An assailant stabbed an American man outside the U.S. Embassy in Cairo on Thursday, a security official said, in a rare attack on a U.S. national in the Egyptian capital.
The American was rushed to a nearby hospital and the motives for the assault were not immediately clear. According to the Egyptian official, an assailant wielding a knife attacked the American as he stood outside the embassy building in the central Cairo neighborhood of Garden City.
The embassy was once a heavily fortified facility but security measures have been relaxed despite street protests over the past two years in the nearby Tahrir Square, the focal point of Egypt's 2011 uprising.
The attacker was arrested and was being questioned by police, said the security official, speaking on condition of anonymity because he was not authorized to talk to the media. He refused to elaborate or identify the American. It was not immediately clear if the victim was waiting in the line outside the U.S. citizens' services and consular section when the attack happened.
A medic at the al-Qasr al-Aini hospital, also speaking on condition of anonymity for the same reason as the security official, said the American was admitted to the emergency room but refused to give further details.
There was no immediate comment from the U.S. Embassy on the incident.
Crime, including armed robberies, rape and assaults, has surged in Egypt in the past two years since the uprising that toppled Hosni Mubarak. The country is awash with weapons smuggled across the border from Libya and elsewhere, while Egypt's police force — despised for its rampant rights abuses under Mubarak — virtually collapsed amid the 18-day revolt and has since struggled to fully recover, leaving the streets unsafe and law enforcement lacking.
Though stabbing attacks such as Thursday's are uncommon, the compound around the U.S. Embassy in Cairo has seen past violence and anti-American incidents.
On Sept. 11, thousands of ultraconservative Salafis held an angry protest, attacking the embassy building and scaling its walls to rip apart the U.S. flag and replace it with an Islamic banner. The rally was prompted by a video made in the United States that ridiculed Islam's Prophet Muhammad.
The same night, Islamic militants attacked the U.S mission in the eastern city of Benghazi, Libya, killing U.S. Ambassador Chris Stevens and three other Americans there.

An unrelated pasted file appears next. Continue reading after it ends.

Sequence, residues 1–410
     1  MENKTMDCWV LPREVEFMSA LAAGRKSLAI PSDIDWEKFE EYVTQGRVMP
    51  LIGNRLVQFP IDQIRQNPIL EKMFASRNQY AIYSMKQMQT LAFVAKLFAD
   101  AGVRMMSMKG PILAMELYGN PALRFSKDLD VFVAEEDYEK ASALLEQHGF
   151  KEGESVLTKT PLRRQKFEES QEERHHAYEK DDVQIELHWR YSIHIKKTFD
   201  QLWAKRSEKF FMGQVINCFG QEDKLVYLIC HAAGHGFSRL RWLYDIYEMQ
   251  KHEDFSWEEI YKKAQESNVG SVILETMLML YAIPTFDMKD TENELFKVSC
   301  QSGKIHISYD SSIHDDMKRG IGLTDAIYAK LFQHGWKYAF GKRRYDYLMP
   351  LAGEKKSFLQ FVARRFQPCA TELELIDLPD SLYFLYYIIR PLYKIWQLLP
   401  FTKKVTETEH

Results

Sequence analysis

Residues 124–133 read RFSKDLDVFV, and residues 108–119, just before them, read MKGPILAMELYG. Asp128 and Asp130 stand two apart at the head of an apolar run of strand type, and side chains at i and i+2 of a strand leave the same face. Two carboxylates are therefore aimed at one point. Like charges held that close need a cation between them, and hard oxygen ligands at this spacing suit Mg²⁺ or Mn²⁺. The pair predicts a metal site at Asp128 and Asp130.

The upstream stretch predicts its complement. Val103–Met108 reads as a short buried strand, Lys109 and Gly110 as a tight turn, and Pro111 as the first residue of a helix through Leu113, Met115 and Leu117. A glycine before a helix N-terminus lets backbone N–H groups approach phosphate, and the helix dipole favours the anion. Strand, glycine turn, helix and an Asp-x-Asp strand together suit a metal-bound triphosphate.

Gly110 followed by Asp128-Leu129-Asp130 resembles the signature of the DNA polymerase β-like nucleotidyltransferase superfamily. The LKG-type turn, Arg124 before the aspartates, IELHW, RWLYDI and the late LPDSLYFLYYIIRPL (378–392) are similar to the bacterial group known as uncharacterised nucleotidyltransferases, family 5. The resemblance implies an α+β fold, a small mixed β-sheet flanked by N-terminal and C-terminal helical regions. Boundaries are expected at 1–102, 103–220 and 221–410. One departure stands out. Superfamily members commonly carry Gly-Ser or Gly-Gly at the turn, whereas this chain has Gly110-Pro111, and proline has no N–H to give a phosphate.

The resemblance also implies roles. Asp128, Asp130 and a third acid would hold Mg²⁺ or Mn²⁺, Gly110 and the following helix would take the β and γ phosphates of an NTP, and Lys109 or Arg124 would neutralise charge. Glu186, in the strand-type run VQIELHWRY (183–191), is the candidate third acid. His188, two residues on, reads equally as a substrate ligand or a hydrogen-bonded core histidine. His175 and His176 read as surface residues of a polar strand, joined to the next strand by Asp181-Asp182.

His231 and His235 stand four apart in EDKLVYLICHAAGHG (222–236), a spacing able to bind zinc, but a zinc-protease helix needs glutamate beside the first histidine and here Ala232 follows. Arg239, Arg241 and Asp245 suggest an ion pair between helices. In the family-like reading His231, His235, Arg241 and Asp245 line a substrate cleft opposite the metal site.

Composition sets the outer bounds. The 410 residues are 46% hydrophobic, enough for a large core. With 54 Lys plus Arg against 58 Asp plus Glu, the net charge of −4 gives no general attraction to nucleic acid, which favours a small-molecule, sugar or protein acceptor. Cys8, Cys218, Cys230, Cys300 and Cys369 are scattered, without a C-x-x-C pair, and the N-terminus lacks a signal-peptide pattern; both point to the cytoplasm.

Months after the election of Egypt's Islamist President Mohammed Morsi, who hails from the Muslim Brotherhood group, the government has largely failed to improve security and the nation's economy is in shambles.
At the same time, authorities are pursuing rights activists and journalists in escalating campaigns of intimidation and legal proceedings.
Five rights activists went on trial Thursday in Cairo on charges of torching the campaign headquarters of a front-runner in the country's 2012 presidential election. Ahmed Shafiq, the former prime minister who lost the race to Morsi, had withdrawn his complaint against the five but the state prosecutor proceeded with the case anyway.
Among the five on trial were Alaa Abdel-Fatah, a well-known blogger and one of youth leaders behind the 2011 uprising, and his sister, Mona Seif, who has led a campaign against military tribunals over the courts' harsh and swift rulings.
Also on Thursday, another Egyptian court ordered the release of 11 young men held over charges of belonging to the so-called "Black Bloc" group, which authorities have qualified as a terrorist organization. The Black Bloc are masked protesters who surfaced last year during anti-Morsi rallies and vowed to defend other demonstrators from attacks by security forces or Islamist rivals.
The 11 were detained during clashes between Brotherhood supporters and protesters during a mid-April rally in central Cairo. The court ordered their release because of lack of evidence.